Judge won’t entertain brief from former Va. attorneys general in McDonnell case

A federal judge on Monday rejected a request by five former Virginia attorneys general to formally lend their support to former governor Robert F. McDonnell as he tries to have the federal corruption charges he is facing thrown out of court.

U.S. District Judge James R. Spencer rejected the request by the lawyers to file a brief in support of McDonnell’s motion to dismiss the corruption charges, writing as his only explanation: “The Court declines to exercise its discretion to allow amicus curiae briefs to be filed in this criminal matter.”

The former attorneys general — both Republicans and Democrats spanning three decades in office — had largely echoed McDonnell’s own motion to dismiss the corruption charges, arguing that nothing he did for Richmond businessman Jonnie R. Williams Sr. constitutes an “official” act.

Prosecutors must prove that point to substantiate the corruption charges.

The result was largely expected: Spencer had last week rejected a similar request by the National Association of Criminal Defense Lawyers. And it will likely have minimal impact, if any at all, on the case against McDonnell (R) and his wife, Maureen.

The McDonnells were charged in January in a 14-count indictment that alleged they lent the prestige of the governor’s office to Williams and a struggling dietary supplement company he used to run, Star Scientific, in exchange for loans and gifts. They have pleaded not guilty, and a jury trial is scheduled for July 28.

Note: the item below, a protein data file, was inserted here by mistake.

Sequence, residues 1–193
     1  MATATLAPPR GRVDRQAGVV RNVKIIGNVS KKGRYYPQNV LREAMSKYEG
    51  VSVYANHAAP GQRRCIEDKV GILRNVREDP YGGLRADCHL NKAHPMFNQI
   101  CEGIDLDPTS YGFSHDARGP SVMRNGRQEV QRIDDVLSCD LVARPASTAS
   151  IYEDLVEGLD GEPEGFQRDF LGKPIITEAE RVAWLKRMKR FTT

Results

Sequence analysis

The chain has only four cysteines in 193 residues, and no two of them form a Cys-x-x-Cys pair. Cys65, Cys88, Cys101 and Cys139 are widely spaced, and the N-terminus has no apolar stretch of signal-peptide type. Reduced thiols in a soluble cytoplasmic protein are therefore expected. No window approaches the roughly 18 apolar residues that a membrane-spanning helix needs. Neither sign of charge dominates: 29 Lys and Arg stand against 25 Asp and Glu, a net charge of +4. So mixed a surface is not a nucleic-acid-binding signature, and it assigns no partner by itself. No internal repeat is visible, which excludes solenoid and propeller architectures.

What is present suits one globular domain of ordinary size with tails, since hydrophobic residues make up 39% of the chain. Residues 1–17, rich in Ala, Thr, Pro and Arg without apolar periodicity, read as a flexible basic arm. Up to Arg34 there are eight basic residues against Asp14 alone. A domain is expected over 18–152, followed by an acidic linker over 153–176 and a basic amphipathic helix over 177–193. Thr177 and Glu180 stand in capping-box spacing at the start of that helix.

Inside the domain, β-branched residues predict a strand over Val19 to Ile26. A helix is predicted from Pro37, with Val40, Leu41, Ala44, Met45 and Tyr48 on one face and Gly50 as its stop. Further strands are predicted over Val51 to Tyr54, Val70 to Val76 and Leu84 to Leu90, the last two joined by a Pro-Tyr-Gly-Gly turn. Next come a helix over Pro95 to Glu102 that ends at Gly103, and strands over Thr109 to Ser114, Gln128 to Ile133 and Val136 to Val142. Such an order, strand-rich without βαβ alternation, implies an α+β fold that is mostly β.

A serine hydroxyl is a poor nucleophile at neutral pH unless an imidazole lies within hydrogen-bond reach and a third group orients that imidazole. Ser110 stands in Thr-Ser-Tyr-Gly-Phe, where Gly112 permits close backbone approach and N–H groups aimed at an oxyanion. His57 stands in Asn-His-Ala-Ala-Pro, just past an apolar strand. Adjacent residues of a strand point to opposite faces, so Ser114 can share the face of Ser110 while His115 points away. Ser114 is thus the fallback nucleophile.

Prosecutors have alleged that in exchange for the loans and gifts, the couple hosted a product launch for Star’s dietary supplement, Anatabloc; promoted the supplement at public events; arranged meetings between Williams and senior state health officials; and encouraged state researchers to consider conducting trials of the product.

Federal prosecutors have not responded to the McDonnells’ motion to throw out the corruption charges against them, and Spencer has not yet ruled on it.

Matt Zapotosky covers the federal district courthouse in Alexandria, where he tries to break news from a windowless office in which he is not allowed to bring his cell phone.
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